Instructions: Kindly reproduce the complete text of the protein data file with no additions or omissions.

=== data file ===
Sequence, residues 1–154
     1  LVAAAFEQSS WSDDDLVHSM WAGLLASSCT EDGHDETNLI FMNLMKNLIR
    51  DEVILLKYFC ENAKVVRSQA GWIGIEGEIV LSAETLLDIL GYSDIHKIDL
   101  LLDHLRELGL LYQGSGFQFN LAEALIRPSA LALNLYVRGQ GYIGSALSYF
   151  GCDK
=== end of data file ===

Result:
Sequence, residues 1–154
     1  LVAAAFEQSS WSDDDLVHSM WAGLLASSCT EDGHDETNLI FMNLMKNLIR
    51  DEVILLKYFC ENAKVVRSQA GWIGIEGEIV LSAETLLDIL GYSDIHKIDL
   101  LLDHLRELGL LYQGSGFQFN LAEALIRPSA LALNLYVRGQ GYIGSALSYF
   151  GCDK